Complementing the perspectives above, Professor Christine Winberg, the South African Research Chair in Work-Integrated Learning (WIL) based at the Cape Peninsula University of Technology, shared the results of a WIL study completed at her institution. She made a case for practical knowledge – arguing for the theory-praxis nexus and showing the benefits thereof in graduate employability.

These deliberations led to a request to undertake a WIL audit across the system. The aim is to identify WIL best practices; to explore the possibility of sharing facilities between and among universities in proximal local and regional centres; and to develop a project plan in this regard.  The sharing of facilities between universities is intended to encourage optimal use of available infrastructure including equipment and related expertise for the common good. A good example is the relationship formed between the Durban University of Technology and the Central University of Technology on the use of CUT’s Centre for Rapid Prototyping and Manufacturing (CRPM).

A proposal on the feasibility study referred to above will be presented to the World of Work Strategy Group in due course for approval.

Institutionalising Entrepreneurship Development in Higher Education

Recognising the gains made through the Entrepreneurship Development in Higher Education (EDHE) Programme in the past six years, the USAf Board approved the WSG’s recommendation that the entrepreneurship development work be focused on the following:

  • The institutionalisation of entrepreneurship in the sector, going beyond the current initiatives and projects. This would include looking at innovative curricula enabling graduates to create startups as part of qualification requirements;
  • Linking graduates to provincial and national entrepreneurship ecosystems to ensure sustained graduate support beyond their university years;
  • The sustainability of funding for the EDHE programme; and
  • The establishment of a monitoring and evaluation function for EDHE.

The Fourth Industrial Revolution (4IR), societal changes in work and the impact of new technological trends

At their first meeting in April, members of the WSG were reminded of the mind-boggling speed of technological advancement in the 4IR era and the implications thereof, on higher education. “In Dubai, robots are already serving in high-end restaurants. They could soon serve in our courtrooms as judges, as caretakers in hospitals, and could also fight wars and take on hazardous tasks on our behalf,” said Dr Natalie Raphil (right), Founder and Chief Technology Officer at RobotsCanThink.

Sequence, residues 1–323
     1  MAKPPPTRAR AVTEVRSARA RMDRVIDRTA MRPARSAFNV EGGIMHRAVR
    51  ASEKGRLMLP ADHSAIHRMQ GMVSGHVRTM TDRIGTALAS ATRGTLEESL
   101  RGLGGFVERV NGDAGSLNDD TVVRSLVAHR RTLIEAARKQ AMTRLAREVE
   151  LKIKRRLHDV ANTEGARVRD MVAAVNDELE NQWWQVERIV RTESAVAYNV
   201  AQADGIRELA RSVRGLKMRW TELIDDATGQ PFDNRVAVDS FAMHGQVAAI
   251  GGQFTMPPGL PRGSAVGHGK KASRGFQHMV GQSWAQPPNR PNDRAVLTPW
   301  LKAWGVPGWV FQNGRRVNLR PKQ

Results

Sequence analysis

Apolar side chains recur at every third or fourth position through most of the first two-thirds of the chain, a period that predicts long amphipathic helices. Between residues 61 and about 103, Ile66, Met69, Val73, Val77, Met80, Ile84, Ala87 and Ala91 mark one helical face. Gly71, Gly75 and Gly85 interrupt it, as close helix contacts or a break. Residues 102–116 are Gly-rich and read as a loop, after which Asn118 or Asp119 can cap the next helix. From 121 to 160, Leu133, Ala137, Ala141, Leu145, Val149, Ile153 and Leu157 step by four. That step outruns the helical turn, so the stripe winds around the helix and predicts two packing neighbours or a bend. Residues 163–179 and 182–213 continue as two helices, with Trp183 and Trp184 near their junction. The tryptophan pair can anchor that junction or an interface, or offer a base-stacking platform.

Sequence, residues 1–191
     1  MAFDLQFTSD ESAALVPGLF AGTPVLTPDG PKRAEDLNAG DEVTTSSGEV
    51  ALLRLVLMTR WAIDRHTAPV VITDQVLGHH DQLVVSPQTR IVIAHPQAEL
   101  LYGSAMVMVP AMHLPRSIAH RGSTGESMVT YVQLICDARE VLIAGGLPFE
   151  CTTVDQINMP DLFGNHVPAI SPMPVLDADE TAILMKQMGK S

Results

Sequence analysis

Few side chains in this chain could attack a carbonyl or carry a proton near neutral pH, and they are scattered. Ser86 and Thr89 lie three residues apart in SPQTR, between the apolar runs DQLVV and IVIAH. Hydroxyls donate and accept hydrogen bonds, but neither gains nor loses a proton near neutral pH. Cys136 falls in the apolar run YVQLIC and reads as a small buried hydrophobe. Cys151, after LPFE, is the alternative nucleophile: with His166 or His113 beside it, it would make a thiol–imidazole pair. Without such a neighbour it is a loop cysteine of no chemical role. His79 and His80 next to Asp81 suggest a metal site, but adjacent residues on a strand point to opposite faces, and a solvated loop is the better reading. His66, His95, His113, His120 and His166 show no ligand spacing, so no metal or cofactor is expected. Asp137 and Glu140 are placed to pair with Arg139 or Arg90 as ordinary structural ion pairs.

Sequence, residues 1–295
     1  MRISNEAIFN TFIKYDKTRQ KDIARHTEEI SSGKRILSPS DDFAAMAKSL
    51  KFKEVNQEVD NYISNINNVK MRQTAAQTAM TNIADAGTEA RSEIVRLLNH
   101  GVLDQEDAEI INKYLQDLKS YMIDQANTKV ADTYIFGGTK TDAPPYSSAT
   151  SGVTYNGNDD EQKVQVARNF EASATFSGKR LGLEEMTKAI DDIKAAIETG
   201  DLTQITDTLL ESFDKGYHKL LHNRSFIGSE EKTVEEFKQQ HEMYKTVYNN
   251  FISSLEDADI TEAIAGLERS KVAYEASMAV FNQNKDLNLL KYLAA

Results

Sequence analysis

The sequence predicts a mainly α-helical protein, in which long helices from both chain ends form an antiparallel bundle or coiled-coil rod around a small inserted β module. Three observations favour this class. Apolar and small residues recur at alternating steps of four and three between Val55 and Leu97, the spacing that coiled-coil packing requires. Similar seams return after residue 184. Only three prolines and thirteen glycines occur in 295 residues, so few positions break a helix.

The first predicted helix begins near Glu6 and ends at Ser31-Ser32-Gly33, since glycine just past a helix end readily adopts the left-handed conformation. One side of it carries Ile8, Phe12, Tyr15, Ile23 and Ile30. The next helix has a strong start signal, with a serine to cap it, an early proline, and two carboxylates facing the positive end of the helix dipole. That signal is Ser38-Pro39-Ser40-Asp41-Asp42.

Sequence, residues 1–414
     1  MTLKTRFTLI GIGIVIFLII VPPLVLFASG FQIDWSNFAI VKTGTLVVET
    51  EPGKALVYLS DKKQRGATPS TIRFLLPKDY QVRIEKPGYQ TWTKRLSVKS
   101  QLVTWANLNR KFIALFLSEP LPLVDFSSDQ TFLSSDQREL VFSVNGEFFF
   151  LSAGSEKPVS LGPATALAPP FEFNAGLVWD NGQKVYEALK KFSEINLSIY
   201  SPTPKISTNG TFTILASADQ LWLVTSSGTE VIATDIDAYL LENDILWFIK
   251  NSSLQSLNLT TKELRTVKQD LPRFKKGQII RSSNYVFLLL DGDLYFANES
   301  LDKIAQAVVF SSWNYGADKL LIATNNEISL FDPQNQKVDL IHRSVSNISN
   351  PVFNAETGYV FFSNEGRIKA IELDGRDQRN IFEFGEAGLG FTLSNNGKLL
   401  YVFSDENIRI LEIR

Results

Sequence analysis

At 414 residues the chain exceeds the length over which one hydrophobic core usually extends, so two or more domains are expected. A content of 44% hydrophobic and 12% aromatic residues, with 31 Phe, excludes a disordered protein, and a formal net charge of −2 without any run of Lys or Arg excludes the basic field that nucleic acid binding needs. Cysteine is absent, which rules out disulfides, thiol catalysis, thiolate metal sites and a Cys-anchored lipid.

She said this was the most exciting time in South Africa, with Artificial Intelligence seeing no race, no distinction between rural or urban dwellers, and between degree or non-degree holders. “Opportunities now enable those who are both schooled and unschooled to access knowledge from anywhere in the world.” The question, Dr Raphil said, was whether universities were considering the changes needed to produce graduates who would be able to adapt to a changed world of work.

In some countries, robots have already taken over jobs in healthcare, food production and other industries, including in hospitality.

The WSG members heard that these considerations had pretty much informed the establishment of the Institute of the Future of Work at the Tshwane University of Technology (TUT). It is a facility enabling continuous engagement with industry to design curricula and generate high-impact research, responsive to industry and societal problems. The Institute hosts an annual Future of Work Dialogue that facilitates academia-industry exchanges, but also seeks to inform policy development and foster collaborations and solutions-oriented innovation. Mr Tseliso Mohlomi (left), Senior Director of this institute, was looking to extend the TUT collaboration to other universities.